The Outer Banks stretch over 180 miles from Currituck southward to Cape Lookout. It is a fragile string of barrier islands whose very existence rests completely at the mercy of nature. It is also a place where the cold Labrador Current and the warm waters of the Gulf Stream clash over the "Graveyard of the Atlantic". It is a place battered frequently by "Nor'easters" and by hurricanes of immense destructive power. It is constantly shifted and altered by relentless ocean waves and wind. And yet it has remained here for thousands of years. History and legend go hand in hand on the Outer Banks. Weave in some ghost stories and mysteries, pirates, shipwrecks and unselfish bravery, and you have the fabric that makes up the folklore of the Outer Banks. There is history surrounded by legend, not the least of which is Blackbeard, whose mark is all around the coast of North Carolina, from Bath, to Beaufort, to Ocracoke and beyond. Ghost ships and mysterious sightings, and other tales live on of dreadful fates of shipwreck victims by the truth that is the "Graveyard of the Atlantic". Magical, mystical tales, such as those told by superstitious men of the sea, weave their threads into those stories of the crews of the Life-Saving Stations, whose fearlessness in the midst of deadly storms is factual, recorded history, and is now legend. But the history of this place will tell you it wasn't pirates that mariners feared most along the Outer Banks, it was the shoals, the shallows and the vicious storms that took more ships than pirates ever dreamed of scuttling. Shipwrecks were in fact an integral and important part of life on the Outer Banks. Being so isolated, the residents made good use of everything, especially salvaged cargo from wrecks, including the wood, beams, ropes and hardware from the ships themselves. Nothing went to waste. Many homes were built, furnished or repaired from ship salvage. Thirty years ago there were more wrecks visible than there are today. Time and storms have taken their toll. Wrecks get washed ashore, then covered by sand, then uncovered in storms, and covered again. They even get moved by storms, as well as broken apart and scattered over the years. Shipwrecks often appear and disappear during storms on the Outer Banks. They are sometimes washed onto shore, or carried out to sea, and covered or uncovered as the sand is hauled about by the ocean currents and storm surges from hurricanes. Did you know that Carolina Dunes has two shipwrecks? The first wreck can occasionally be seen at 149 Buffell Head, which is at the bottom of the southern beach access steps (between Widgeon and Pintail streets). When the ocean surf is rough and the currents wash away the beach sand, you might be able to see the side of the this shipwreck. It’s merely yards southeast of the bottom step. Check it out!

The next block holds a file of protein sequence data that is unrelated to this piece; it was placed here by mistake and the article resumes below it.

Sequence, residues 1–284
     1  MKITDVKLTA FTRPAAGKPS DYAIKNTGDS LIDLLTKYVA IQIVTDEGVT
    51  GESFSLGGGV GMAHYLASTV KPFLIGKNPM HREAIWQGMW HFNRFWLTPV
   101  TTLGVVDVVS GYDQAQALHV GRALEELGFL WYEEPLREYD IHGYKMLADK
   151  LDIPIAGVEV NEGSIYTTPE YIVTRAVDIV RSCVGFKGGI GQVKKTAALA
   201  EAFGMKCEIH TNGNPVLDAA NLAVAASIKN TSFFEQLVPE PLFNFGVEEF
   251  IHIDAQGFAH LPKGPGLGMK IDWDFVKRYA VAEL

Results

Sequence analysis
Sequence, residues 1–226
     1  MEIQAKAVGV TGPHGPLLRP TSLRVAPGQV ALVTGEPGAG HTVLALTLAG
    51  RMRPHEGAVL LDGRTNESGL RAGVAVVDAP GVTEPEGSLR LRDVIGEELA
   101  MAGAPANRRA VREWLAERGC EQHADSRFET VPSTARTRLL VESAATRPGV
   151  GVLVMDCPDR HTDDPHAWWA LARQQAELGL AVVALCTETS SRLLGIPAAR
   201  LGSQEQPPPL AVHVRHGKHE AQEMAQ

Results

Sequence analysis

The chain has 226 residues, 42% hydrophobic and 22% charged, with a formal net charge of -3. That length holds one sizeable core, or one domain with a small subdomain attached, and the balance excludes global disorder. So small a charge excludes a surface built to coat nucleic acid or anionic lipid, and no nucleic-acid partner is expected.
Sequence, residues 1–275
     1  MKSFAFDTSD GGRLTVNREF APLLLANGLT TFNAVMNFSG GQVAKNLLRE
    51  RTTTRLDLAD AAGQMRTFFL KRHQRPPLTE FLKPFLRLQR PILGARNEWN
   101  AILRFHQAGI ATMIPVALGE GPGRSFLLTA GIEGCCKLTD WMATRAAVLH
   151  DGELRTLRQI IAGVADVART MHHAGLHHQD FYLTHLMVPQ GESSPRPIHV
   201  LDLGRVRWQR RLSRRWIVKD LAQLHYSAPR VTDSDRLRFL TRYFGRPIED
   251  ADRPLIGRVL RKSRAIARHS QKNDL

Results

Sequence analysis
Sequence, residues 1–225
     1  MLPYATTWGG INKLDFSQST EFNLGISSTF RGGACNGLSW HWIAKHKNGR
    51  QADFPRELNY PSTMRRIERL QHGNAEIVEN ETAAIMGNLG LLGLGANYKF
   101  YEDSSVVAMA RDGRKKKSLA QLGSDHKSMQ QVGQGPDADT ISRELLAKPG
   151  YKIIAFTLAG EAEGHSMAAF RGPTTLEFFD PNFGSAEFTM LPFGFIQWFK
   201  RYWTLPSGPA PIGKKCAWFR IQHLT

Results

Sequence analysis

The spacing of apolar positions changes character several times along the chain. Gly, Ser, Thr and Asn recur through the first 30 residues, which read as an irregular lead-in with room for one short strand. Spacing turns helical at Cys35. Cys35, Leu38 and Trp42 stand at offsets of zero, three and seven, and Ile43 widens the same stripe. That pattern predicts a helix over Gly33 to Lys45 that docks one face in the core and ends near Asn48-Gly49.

The second wreck is located at 159 Buffell Head, which is only 5 houses south of the first wreck. It was re-discovered by the Alvord family after Tropical Storm Ida in November, 2009. Check this spot as well. Who knows, maybe you can also find this Ghost Ship! Sources: